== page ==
News

Flexible learning at any age

“Anyone who stops learning is old, whether at twenty or eighty. Anyone who keeps learning stays young” – Henry Ford

 Education is the gift that keeps on giving. It keeps our mind alive, our imagination energised, and our sense of self-awareness and self-worth healthy. What’s not to love?

The 21st century has changed the education game and the linear model of academic development is effectively redundant in this day and age. With the platform for education transcending the four walls of a classroom and taking up residence in the digital space, a new era of education has been ushered in to cater for a much wider demographic.

A major benefit is that education is being pursued and enjoyed by adult learners who play a very important role in our economy and comprise roughly half of the domestic student population.

With an ageing population and an increasingly competitive professional environment, learning for all students, regardless of age, has never been more important. From 16 to 60+, all members of the New Zealand work community are valuable – our economy depends on a highly skilled, diverse and adaptable workforce.

For years, accessing flexible education was a challenge for many, particularly adult learners juggling other key responsibilities. Online learning has meant that people are able to return to education at any age, on any day, at any time of the year. It’s the sector that never sleeps!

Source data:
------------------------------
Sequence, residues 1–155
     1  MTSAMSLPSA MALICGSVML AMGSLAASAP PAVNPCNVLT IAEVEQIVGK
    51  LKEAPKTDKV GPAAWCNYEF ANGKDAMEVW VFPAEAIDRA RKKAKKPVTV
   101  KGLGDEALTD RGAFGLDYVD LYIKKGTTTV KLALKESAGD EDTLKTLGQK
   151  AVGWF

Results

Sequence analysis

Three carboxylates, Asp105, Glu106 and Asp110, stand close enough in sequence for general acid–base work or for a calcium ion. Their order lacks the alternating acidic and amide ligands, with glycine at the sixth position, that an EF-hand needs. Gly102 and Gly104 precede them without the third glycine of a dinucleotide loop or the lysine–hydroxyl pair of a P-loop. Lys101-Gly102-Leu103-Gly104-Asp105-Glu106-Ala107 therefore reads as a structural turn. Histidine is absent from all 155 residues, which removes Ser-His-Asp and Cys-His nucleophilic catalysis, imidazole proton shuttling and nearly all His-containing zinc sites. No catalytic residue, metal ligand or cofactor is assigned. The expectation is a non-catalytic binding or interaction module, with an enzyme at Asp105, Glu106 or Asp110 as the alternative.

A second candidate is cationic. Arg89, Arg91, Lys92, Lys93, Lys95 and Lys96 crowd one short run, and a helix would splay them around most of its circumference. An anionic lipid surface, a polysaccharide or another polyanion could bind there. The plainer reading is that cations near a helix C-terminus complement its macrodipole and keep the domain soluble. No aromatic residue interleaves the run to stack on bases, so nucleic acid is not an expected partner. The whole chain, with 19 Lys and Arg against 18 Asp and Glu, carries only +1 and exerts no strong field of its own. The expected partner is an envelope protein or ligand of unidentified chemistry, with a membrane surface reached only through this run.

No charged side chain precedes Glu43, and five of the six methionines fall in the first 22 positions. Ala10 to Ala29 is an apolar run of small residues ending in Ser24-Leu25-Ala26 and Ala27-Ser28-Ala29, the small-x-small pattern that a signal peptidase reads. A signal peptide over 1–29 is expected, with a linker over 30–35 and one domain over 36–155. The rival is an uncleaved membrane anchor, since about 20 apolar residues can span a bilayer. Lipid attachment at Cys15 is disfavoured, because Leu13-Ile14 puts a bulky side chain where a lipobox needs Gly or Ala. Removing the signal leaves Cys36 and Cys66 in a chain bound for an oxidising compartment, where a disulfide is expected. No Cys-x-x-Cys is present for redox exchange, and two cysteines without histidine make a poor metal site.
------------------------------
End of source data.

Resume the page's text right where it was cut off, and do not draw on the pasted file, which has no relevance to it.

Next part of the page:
With less barriers to access for adult learners in particular, including the elimination of a need to travel and study being possible at any hour of the day, adult learners – classified as students 25 and over – are now able to make study work around their schedule in a cost and time effective fashion.

For parents, this means not having to hire help or ask for unpaid time off work to complete assignments or participate in tutorials. This new paradigm is also a relief for many who were previously caught by having to follow a rigid programme that created restrictions in other areas of their lives – such as spending time with children or achieving the ever-elusive work life balance.

Ultimately, education should never discriminate as every individual deserves the chance to feed their mind and follow their dreams.

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